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Health & Wellness

How to Bring More Playfulness into Your Life

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An excess of seriousness may not be recognized as a health condition, but author and physician, Anthony T. DeBenedet, MD, is convinced from firsthand experience that it may undermine well-being.

Five years ago, the Ann Arbor, MI, gastroenterologist and father of three found himself feeling stressed, frazzled and barreling toward burnout. “My life was blurring into this mosaic of busyness, perfectionism and exhaustion,” he says. “I was going through the motions but not feeling very much.”

He didn’t think he was depressed or a particularly anxious person. And he was doing pretty well in terms of healthy lifestyle factors, like sleep and exercise. What was missing from his life, Dr. DeBenedet came to believe, was playfulness: The ability “to live lightly as we navigate the seriousness of adulthood,” he says.

In his book Playful Intelligence: The Power of Living Lightly in a Serious World, Dr. DeBenedet outlines the five qualities of playfulness that he considers to be key to helping us to live our best, most resilient and healthiest lives, including: imagination, sociability, humor, spontaneity and wonder.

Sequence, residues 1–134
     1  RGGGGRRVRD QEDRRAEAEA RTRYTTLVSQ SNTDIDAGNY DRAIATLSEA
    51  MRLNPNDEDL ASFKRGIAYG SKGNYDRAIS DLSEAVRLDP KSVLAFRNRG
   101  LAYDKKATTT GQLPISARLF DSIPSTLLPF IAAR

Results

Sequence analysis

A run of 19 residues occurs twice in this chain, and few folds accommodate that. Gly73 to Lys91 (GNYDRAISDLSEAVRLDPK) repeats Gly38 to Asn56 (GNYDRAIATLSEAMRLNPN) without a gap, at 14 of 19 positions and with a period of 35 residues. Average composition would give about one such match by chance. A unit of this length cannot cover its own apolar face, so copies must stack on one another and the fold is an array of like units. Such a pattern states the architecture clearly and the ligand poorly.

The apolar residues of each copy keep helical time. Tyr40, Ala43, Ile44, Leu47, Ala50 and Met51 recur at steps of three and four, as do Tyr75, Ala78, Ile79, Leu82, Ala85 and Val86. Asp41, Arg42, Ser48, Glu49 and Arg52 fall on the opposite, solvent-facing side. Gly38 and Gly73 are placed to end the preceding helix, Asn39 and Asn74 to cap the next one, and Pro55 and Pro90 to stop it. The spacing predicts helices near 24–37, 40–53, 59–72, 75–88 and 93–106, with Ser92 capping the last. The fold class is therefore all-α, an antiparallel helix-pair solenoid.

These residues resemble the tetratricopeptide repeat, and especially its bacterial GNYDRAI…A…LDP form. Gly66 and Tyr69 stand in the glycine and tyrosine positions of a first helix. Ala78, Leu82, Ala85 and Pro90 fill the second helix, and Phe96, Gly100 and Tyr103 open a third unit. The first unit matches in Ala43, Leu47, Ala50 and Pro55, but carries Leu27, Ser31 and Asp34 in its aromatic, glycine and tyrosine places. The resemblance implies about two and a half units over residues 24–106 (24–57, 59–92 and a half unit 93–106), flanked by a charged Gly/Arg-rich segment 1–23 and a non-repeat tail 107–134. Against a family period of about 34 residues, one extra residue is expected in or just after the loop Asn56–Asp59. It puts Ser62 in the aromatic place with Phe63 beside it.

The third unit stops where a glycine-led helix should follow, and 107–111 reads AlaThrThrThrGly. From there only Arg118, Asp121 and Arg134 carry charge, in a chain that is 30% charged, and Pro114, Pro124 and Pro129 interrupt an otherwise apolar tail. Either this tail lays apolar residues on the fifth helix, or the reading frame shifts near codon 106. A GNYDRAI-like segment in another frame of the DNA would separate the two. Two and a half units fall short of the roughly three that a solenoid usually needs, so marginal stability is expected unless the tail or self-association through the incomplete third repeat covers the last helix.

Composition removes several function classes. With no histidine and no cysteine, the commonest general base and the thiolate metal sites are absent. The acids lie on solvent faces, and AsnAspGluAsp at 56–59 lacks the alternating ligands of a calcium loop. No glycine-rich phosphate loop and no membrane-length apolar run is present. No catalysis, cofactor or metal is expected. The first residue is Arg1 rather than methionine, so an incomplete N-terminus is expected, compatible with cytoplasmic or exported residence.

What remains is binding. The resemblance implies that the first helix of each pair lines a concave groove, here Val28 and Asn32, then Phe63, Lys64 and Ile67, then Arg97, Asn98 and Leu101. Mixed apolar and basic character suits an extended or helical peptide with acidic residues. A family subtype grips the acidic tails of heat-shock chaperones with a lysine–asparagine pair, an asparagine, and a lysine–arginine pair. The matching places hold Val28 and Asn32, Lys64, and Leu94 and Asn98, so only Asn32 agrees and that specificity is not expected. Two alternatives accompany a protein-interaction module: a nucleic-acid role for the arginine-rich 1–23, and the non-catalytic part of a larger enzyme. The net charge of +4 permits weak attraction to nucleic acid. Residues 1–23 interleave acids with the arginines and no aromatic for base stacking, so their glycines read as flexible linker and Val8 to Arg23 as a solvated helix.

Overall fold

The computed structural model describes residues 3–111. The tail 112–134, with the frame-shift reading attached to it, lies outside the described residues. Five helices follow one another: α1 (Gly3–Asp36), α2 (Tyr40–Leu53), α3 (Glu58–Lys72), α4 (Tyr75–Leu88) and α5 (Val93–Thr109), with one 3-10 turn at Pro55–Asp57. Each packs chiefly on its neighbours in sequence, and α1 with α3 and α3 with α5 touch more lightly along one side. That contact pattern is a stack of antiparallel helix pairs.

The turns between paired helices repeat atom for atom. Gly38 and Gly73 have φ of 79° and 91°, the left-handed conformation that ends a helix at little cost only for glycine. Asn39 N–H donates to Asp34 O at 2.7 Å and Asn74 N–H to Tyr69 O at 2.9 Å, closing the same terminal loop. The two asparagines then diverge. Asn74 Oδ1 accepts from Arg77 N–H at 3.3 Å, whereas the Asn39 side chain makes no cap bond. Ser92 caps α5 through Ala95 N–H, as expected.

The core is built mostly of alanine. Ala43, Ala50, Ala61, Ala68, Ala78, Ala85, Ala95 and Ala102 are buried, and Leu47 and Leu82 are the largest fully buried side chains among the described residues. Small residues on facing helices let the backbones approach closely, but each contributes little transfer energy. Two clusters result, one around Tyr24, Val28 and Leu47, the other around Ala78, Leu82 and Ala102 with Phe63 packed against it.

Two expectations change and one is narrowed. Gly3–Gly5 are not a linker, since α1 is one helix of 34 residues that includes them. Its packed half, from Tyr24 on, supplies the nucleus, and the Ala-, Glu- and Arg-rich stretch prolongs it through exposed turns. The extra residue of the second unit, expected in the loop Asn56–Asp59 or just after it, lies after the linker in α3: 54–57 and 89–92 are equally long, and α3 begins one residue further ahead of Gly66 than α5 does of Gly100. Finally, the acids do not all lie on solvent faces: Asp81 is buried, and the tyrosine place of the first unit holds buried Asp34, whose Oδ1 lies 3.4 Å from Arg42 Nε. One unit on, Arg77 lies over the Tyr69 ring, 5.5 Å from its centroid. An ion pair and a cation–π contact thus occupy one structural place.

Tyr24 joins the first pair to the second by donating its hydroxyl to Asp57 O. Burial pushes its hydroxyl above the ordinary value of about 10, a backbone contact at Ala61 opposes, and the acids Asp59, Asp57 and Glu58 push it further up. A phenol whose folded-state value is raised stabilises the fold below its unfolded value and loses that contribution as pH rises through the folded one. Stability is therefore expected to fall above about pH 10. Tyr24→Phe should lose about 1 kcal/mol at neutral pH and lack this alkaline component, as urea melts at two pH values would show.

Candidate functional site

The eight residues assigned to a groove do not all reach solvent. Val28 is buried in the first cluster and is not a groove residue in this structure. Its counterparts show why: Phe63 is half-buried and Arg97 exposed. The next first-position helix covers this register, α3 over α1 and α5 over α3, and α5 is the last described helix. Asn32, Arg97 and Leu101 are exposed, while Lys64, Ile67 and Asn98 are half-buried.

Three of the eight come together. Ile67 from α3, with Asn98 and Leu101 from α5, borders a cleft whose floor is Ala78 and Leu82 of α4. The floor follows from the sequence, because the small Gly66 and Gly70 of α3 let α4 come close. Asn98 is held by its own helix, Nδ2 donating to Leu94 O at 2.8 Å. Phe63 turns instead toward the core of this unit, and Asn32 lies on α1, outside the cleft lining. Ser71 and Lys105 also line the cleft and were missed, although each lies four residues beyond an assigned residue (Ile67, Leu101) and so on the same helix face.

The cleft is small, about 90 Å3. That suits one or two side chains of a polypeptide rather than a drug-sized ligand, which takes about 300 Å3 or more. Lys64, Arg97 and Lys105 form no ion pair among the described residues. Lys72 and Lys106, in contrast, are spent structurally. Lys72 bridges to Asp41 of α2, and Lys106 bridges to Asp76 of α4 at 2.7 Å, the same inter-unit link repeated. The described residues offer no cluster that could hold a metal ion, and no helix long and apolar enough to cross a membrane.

Here are some ways to bring more of each into your daily life:


Reframe daydreaming as doing something good for yourself. “Daydreaming may improve memory, consolidate learning and promote memory,” Dr. DeBenedet says. Choose a time when you can put your responsibilities on hold, and by taking five deep breaths and selecting a subject for your wandering thoughts. His suggestion: “Try daydreaming about an adventure or expedition that you’ve always wanted to experience.”


Social support is exceptionally important for maintaining good physical and mental health. Maintaining connections between neighbors may offer protection against stress and may help lower the risk of some diseases, Dr. DeBenedet notes. “Small actions in the neighborhood could go a long way toward building a sense of community,” he says. “Try taking more moments for small talk with neighbors, and don’t dismiss those moments as a waste of time.”


Make an effort to spend time engaged in activities that involve humor, like watching a favorite movie or going to a comedy club. Feeling bold? Consider taking an improv comedy class.


Break routines routinely, Dr. DeBenedet suggests. Try a place for lunch that you wouldn’t normally go for, check out an ethnic grocery store in a different part of town for new ingredients to use or visit your local library for an afternoon and wander through the stacks, dipping into new authors or novel subjects.


Pause to observe mini moments of wonder. It could be a small act of kindness between two strangers in the supermarket, the joy of children playing a game of tag in the playground or a grandchild experiencing the tartness of a lemon for the first time. “If a metal detector can find buried treasures in the sand on a beach,” Dr. DeBenedet says, “your goal is to nurture a wonder detector that finds and appreciates the wonder around you.

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